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Ruth Bernhard (American, 1905-2006)
Birth Place: Berlin (Berlin state, Germany)
Ruth Bernhard was born in Berlin, Germany on October 14, 1905. She would go on to have a career spanning seven decades, encompassing most of the 20th century of American photography, and become an integral part of both defining modern studio photography and 20th-century contemporary photography. Her ability to capture shadow and form in her nudes makes her work still seem vital, fresh, and daring -- even viewed three quarters of a century later.
Bernhard was born in Germany, where she studied at the Berlin Academy of Art from 1925-1927. Bernhard’s father, Lucian Bernhard was an iconic artist in his own right, focusing on graphic and typeface design. He would serve as both her greatest advocate and advisor for most of their lives. In 1927, after finishing school, Bernhard moved with her father to New York City where she bought her first camera.
By the late 1920s, Bernhard was heavily involved in the lesbian sub-culture of Manhattan, a source of inspiration that would inspire decades of future work. It was during this time that she met fellow photographers and friends Berenice Abbot and Edward Weston, both of who would encourage Bernhard to find her own photographic voice. In 1934, Bernhard began photographing women in the nude, the work with which she would become known to the rest of the world.
Bernhard’s nudes are a study in subtlety, with a fine and elegant contrast between shadow and radiant light. It was this radiance that pulled at Bernhard’s soul. Her oft-quoted line perhaps best sums up her artistic vision, “The ground we walk on,” Bernhard said, “the plants and creatures, the clouds above constantly dissolving into new formations -- each a gift of nature possessing its own radiant energy, bound together by cosmic harmony."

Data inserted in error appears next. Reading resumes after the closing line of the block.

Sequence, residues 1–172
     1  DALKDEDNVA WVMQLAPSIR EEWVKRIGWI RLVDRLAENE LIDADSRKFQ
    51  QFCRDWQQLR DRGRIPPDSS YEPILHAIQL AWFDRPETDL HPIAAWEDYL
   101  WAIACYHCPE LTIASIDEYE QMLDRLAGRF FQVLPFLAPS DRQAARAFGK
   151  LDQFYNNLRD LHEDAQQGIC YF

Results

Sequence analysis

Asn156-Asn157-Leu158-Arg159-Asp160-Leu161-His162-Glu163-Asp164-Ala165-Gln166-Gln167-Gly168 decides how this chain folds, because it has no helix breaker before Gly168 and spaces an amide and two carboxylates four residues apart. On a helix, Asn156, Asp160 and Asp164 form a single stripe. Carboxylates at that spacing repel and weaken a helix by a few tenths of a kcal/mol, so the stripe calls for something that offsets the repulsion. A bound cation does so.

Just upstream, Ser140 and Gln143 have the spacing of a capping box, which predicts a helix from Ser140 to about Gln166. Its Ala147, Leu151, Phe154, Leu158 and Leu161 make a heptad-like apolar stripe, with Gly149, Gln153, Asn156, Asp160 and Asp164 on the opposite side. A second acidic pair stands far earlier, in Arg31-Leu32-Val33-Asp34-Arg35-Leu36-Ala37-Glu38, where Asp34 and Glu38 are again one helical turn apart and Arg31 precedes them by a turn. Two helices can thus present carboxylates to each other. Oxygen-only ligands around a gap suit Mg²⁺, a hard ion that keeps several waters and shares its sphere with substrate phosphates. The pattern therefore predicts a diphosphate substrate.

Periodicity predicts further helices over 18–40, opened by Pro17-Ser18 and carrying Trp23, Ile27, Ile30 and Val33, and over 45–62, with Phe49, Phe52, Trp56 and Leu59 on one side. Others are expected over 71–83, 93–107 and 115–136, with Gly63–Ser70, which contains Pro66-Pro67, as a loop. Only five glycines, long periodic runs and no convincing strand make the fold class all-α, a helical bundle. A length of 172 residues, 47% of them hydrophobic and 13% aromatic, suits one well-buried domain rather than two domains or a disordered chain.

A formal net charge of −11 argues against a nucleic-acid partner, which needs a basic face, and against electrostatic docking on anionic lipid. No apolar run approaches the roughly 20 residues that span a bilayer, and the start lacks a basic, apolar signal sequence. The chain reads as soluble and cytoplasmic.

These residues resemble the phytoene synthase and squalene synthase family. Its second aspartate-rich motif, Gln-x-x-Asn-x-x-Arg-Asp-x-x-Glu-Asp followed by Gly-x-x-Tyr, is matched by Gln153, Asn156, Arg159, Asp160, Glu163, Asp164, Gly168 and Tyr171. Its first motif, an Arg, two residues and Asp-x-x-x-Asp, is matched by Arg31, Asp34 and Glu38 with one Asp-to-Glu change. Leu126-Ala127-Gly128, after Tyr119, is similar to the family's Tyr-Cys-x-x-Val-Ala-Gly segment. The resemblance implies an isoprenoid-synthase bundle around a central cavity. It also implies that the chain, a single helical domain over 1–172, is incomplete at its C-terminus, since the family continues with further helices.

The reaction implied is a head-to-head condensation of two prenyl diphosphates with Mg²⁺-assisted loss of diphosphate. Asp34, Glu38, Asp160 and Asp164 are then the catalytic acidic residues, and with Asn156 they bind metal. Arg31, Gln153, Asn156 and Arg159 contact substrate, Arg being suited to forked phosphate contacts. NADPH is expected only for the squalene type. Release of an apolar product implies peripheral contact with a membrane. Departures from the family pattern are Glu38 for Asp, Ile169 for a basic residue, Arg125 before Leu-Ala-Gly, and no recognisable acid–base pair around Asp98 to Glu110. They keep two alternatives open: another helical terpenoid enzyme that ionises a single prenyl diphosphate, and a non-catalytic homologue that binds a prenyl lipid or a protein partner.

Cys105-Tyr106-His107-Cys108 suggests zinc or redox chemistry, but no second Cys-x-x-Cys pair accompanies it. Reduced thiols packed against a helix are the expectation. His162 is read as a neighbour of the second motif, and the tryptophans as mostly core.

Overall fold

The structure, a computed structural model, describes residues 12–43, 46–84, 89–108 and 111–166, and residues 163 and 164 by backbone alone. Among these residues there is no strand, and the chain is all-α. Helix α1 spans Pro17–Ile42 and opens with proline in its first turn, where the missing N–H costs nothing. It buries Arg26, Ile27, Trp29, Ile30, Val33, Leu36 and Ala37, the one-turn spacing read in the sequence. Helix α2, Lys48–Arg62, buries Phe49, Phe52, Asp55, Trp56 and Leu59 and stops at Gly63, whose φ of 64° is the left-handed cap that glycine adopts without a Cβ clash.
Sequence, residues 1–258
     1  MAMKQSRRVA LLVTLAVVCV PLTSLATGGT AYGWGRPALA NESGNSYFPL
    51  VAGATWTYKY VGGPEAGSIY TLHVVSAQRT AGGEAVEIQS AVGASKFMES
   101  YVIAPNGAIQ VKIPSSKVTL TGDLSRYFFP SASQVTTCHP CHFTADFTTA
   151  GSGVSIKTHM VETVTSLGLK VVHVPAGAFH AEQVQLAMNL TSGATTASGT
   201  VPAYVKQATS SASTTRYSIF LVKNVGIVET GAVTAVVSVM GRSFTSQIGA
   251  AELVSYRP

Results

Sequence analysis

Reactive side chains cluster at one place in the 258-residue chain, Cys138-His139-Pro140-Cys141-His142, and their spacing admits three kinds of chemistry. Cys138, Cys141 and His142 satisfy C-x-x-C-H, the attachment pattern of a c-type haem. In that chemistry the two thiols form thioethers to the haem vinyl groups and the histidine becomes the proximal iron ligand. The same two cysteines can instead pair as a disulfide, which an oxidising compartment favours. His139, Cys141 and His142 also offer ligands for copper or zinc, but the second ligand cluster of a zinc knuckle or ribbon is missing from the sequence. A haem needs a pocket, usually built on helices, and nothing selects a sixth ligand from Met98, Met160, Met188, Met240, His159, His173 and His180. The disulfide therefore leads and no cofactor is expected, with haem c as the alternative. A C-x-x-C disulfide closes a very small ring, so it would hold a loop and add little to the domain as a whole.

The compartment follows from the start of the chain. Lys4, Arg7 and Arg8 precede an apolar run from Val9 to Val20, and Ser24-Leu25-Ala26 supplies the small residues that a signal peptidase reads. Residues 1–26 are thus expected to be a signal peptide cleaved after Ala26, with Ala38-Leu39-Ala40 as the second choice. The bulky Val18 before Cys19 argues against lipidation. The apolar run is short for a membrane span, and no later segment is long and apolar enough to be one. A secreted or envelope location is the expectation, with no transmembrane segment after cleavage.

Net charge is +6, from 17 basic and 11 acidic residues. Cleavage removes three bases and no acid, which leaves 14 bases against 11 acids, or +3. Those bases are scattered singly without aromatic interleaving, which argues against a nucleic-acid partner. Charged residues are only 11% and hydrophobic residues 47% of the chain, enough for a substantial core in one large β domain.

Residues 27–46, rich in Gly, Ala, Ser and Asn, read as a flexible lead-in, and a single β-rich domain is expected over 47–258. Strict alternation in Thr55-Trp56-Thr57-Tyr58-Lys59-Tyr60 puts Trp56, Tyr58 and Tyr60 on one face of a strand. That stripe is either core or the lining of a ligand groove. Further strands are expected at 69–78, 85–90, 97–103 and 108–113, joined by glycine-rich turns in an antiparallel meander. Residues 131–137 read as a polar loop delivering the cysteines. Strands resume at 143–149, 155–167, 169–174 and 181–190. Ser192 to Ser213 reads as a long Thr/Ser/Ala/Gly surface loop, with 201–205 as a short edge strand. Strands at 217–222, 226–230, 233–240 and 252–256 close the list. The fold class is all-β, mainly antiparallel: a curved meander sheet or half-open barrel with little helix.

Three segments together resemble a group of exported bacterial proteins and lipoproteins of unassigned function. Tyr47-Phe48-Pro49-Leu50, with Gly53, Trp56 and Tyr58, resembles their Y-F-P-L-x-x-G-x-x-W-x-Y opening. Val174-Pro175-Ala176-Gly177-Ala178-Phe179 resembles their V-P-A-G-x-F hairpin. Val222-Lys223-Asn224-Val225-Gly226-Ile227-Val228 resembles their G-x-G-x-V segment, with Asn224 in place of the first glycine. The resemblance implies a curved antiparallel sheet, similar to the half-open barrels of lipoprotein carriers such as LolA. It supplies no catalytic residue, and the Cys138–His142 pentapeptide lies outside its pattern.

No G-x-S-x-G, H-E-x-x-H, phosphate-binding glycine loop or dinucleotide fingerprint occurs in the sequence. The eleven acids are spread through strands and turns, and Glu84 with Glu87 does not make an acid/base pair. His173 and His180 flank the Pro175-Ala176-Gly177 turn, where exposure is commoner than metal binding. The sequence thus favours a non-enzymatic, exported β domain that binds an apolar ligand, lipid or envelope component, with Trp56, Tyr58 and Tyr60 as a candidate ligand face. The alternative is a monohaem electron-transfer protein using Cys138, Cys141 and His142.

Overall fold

It was this search for radiance that took Bernhard from New York and sent her searching to California where she lived and worked for four years. When she eventually came back to New York, it was to universal artistic acclaim, producing the photography for the first catalog published by the Museum of Modern Art. Her exhibition, The Art of the Machine (1940) showed the power of her still life photography. “I’m most interested in the little things that nobody observes,” said Bernhard in a career retrospective.
In 1954 she moved back to San Francisco, CA, where she worked with other luminaries like Ansel Adams, Imogen Cunningham, Minor White, and Wynn Bullock. It was during this time that she produced some of her most iconic photography, including Two Forms (1962), featuring a real-life interracial lesbian couple. Her work pushed the boundaries of where art could go, though she never sacrificed technique to get there. Her use of formal disciplines like composition, light, and shadow continued to inspire and elicit visceral emotion, no matter the subject.
In the 1980s she published her first book, The Eternal Body (1986), despite the fact that she had been turned away by multiple publishers. It would go on to be an artistic and commercial success. She taught and lectured through the end of her life and continued to publish her work, eventually culminating in the autobiographical documentary, Illuminations: Ruth Bernhard, Photographer (1989). She died in San Francisco on December 18, 2006, leaving a legacy of ground-breaking art that never compromised, always provoked, and above all else showed an eye keen to beauty and the transcendental moments of the human experience.
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